This pattern played out repeatedly over the course of my early career. We’d run a usability test and a skeptical product team would watch real people struggle and suddenly be convinced that yes, we have issues, let’s fix them. It's been a key factor in solidifying usability testing into a foundational tool in our UX toolbox. Over the years, usability testing methodology has become more streamlined and efficient. Remote testing is the norm and unmoderated testing (with no facilitator) is commonplace. At the same time, perhaps as an unintended consequence of its ever increasing efficiency, usability testing has become viewed as a tool with clear limits on its scope of impact. Anecdotally, usability testing doesn't inspire the same excitement with a lot of UX researchers since it doesn't drive innovation like discovery research techniques. I think it's a good time to revisit just how much impact a simple usability test can have, and a recent project gave us the opportunity to do just that.

Revisiting usability testing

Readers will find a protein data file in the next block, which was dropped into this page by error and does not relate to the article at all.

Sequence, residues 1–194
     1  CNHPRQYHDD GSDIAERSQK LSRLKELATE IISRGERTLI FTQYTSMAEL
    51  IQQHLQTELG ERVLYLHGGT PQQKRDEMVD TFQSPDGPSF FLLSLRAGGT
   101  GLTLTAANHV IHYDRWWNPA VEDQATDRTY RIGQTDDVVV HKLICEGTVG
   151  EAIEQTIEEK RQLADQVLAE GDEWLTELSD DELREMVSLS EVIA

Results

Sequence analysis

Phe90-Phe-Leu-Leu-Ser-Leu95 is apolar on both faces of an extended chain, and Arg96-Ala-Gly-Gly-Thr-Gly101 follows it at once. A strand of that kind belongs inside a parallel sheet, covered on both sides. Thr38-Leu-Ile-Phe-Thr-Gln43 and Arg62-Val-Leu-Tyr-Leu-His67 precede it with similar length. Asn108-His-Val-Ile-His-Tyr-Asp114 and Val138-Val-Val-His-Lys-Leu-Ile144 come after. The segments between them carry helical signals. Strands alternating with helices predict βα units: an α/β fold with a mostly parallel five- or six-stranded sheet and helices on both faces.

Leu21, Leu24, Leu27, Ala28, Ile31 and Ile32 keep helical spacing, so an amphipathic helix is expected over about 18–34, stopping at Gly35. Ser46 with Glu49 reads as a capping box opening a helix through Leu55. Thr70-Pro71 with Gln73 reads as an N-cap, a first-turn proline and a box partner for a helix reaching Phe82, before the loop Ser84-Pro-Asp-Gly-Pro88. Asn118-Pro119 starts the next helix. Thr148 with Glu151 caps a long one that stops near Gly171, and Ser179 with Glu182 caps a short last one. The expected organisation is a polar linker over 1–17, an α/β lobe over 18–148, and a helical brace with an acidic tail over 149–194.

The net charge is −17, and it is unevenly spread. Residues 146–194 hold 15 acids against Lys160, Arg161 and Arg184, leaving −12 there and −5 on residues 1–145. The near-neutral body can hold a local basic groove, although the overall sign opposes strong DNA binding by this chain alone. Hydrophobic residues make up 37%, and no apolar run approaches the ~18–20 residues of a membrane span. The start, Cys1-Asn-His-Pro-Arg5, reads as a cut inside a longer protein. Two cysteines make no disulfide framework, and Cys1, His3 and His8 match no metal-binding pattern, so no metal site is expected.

One of my favorite client scenarios is introducing UX methodology (aka user centered design) to UX immature organizations. As an established UX research and design firm, we have the advantage that UX-immature organizations that reach out to us already believe that UX is important. They just don't know what it looks like to properly apply UX methodology. They've never felt that "aha" moment when you connect the dots between really understanding your users and using that information to impact how you design your product.

Recently, a product manager reached out to us with an initial ask (paraphrased): "We need to base our product decisions on understanding our users, and we don't. Can you help?" The product manager felt that ideally, we'd do an extensive discovery activity to build detailed personas and journey maps. However, with a limited budget and a management chain that did not fully appreciate the value of UX work, we decided that a usability test would give the best bang for the buck. Not only would it identify immediate and actionable things they could improve (addressing their management's desire to see tangible payback on their investment), but we hoped it would lay down seeds for teaching the product team the value of understanding their users at a deeper level.

This usability test was a throw-back because we ran it fully in-person. The test participants came to a specific testing location, the facilitator facilitated the test face to face, and the product team stakeholders attended and observed the test in person (from a separate observation room). We also dedicated a larger than normal portion of the pre-test interviewing to understanding the participants' backgrounds and motivations for using the product.